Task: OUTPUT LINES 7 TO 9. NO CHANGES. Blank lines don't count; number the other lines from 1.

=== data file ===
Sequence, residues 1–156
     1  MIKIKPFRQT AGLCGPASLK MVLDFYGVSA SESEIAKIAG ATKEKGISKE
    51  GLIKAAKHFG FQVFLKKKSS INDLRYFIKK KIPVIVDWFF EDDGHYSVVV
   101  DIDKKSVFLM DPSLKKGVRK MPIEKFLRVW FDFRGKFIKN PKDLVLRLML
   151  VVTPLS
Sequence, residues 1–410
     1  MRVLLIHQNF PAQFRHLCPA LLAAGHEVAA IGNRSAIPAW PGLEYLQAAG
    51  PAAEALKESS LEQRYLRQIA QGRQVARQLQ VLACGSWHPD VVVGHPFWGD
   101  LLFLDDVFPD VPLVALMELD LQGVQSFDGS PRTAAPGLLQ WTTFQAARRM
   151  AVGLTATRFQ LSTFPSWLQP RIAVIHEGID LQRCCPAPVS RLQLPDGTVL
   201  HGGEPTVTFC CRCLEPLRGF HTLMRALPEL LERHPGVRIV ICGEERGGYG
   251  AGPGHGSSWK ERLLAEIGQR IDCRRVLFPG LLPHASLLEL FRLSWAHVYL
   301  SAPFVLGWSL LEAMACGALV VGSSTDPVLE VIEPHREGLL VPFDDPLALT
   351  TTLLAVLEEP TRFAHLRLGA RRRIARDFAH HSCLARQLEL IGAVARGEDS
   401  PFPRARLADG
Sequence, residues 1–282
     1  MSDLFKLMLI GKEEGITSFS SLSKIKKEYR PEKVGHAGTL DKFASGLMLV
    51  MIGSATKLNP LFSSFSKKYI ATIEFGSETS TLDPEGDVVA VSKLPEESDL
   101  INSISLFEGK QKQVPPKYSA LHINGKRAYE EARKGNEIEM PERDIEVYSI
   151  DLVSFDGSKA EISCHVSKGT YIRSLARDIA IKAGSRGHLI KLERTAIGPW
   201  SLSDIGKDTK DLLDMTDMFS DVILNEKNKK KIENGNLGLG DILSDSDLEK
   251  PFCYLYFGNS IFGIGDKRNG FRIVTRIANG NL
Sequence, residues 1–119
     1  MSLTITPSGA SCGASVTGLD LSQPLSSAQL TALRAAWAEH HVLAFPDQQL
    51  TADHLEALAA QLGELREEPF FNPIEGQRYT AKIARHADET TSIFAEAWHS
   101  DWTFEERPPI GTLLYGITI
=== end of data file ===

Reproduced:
     1  MRVLLIHQNF PAQFRHLCPA LLAAGHEVAA IGNRSAIPAW PGLEYLQAAG
    51  PAAEALKESS LEQRYLRQIA QGRQVARQLQ VLACGSWHPD VVVGHPFWGD
   101  LLFLDDVFPD VPLVALMELD LQGVQSFDGS PRTAAPGLLQ WTTFQAARRM